Cheerleaders, temporary stands behind the goals, a different tune played after each player's try – yawn, nothing to see here. A synthetic surface, more secure scrummaging, 900 youngsters playing on the pitch in the morning, 250 smiling volunteers, half-price beer after the final whistle – is this the dawning of an age of enlightenment in English rugby?
Saracens' urge to innovate may not carry all of north London with them, let alone the rest of a conservative country unsure how to take this once tiny concern's mix of brashness and earnest family values. If the self-styled "opening day" at Allianz Park was anything to go by, with a second four-try bonus point of the Premiership season including three tries from the props Mako Vunipola and Matt Stevens in a 31-11 victory over Exeter Chiefs, the nomads settling at their new home have a sense of timing that will carry them to sporting and commercial success.
Frankly, the commercial bit is in the bag. The South African investment vehicle Remgro has pumped £25m into redeveloping the tired old municipal athletics arena previously known as Copthall Stadium. To quickly build a big new east stand at the refurbished athletics stadium with the likelihood that the venerable west one will be replaced in due course, based on a capacity for the time being of 10,000, suggests benefactors with very deep pockets.
The German bank Allianz is said to have paid £8m to sponsor Saracens and add the stadium naming rights to those they have in Munich and Sydney. This ground is a 10-minute drive from the home of the Saracens chairman, Nigel Wray, who also went to school locally, and he is bringing his nose for property deals to the project rather than the hard cash he pumped in during the early days of the open era when he led Sarries' jump from the dog-poo park pitch of Bramley Road to sharing Watford FC via sharing with Enfield FC.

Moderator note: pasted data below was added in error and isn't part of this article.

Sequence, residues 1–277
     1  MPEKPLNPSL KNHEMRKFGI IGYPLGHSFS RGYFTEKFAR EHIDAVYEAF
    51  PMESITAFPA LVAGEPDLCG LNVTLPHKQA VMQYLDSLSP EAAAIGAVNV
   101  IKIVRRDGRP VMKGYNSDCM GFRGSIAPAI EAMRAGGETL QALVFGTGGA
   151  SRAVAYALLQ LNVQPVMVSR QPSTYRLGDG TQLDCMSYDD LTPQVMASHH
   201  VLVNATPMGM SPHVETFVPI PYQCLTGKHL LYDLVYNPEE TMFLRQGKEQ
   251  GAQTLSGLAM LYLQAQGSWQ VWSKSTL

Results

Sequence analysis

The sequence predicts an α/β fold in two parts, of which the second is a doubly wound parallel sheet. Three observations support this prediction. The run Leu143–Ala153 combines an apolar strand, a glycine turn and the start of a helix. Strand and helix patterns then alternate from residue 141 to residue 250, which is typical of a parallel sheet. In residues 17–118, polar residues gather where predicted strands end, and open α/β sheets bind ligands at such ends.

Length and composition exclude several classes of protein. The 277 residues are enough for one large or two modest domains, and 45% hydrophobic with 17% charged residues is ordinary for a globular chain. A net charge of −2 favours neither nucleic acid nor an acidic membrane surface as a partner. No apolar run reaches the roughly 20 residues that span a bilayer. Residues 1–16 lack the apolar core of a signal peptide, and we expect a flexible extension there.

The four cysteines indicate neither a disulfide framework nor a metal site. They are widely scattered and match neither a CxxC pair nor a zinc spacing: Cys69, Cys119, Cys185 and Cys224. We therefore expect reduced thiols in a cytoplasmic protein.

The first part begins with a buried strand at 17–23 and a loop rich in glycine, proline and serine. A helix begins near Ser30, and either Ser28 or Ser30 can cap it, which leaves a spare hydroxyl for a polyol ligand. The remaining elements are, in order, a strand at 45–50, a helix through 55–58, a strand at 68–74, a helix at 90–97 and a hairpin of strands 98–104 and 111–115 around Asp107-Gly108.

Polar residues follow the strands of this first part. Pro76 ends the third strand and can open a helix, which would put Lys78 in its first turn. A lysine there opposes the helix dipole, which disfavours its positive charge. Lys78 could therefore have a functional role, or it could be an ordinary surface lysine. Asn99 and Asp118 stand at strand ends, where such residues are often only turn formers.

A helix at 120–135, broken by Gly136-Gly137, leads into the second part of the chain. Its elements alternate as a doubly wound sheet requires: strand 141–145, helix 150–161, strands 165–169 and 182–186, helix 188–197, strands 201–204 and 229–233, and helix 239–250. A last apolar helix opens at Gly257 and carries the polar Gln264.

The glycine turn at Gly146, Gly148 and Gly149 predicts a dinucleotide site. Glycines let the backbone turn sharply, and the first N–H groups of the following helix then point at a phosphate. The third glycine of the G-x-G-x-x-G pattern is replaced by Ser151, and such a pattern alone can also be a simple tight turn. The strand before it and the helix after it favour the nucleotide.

"It's amazing to create this stadium in the heart of London," said Wray, glossing over that Hendon NW4 is not quite Charing Cross, but doubtless aware that some mob called Harlequins are trading under the brand "Heart of London". "The pitch will be used by kids, schools, the community all day long for ever. We can already see the importance of having a home. I think this stadium will be sold out, week after week. [The borough of] Barnet is the 10th biggest town in the country and there's a massive audience here."
Having taken the scissors to his tee, trimming off the lip so he could ease the edges down into the 65mm synthetic grass, Saracens' former England fly-half Charlie Hodgson missed three kicks in the first 19 minutes. Gareth Steenson, for Exeter, did likewise in the first half. The pitch is all about the purchase under the studs. Pundits predict fewer soft-muscle strains from slipping and stretching but possibly greater stress on the lower leg if it is jammed in the tackle. There is give in the surface, which looks flat and immaculate to the spectator, but essentially the foot once planted stays where it is – witness the props staying steadier at most scrums, though there were three resets and three penalties.
Stevens, retired from playing for England, went over in the 49th minute after Hodgson's smartly taken try and conversion had Saracens 7-3 up at half-time. Vunipola, released by England to play here after doing substitute duty so far in the Six Nations Championship, took a crash ball at pace to blast past three Exeter tackles on 53 minutes. The dynamic 22-year-old collected his second try with a spot of seagulling outside the left wing Dave Strettle, though the finish of a sidestep round Jack Nowell and a dive past Jack Yeandle justified the second airing over the sound system of Vunipola's personal anthem, Sade's "Smooth Operator".
"I was playing with the England Under-20s in Argentina, it came on in the stadium and I remembered it from there," said Vunipola. "Some boys gave me banter, saying I'd never get to hear it [for scoring]. Hopefully, I showed the England coaches what I can do."
Last week he witnessed first-hand the cut-up Aviva Stadium paddock that gave good old-fashioned grass a bad name. "The game was a lot quicker [here] and the ball got through the hands," said Vunipola. "Hopefully, other teams will see this as hope for the future. On a hot day you might smell the burn of the rubber crumb, but you get on with the job." His left hand was swollen and bandaged after being accidentally stamped on – some things do not change.
Whereas Saracens are pursuing a treble, Exeter's last five Premiership matches have brought four losses and a draw, and they have one win in nine overall; mixing it with Clermont Auvergne and Leinster in Europe was tough in mid-season and they need to find enough points in the next few weeks to have a chance in their closing matches with Wasps and Gloucester to requalify for the Heineken Cup.Reuse content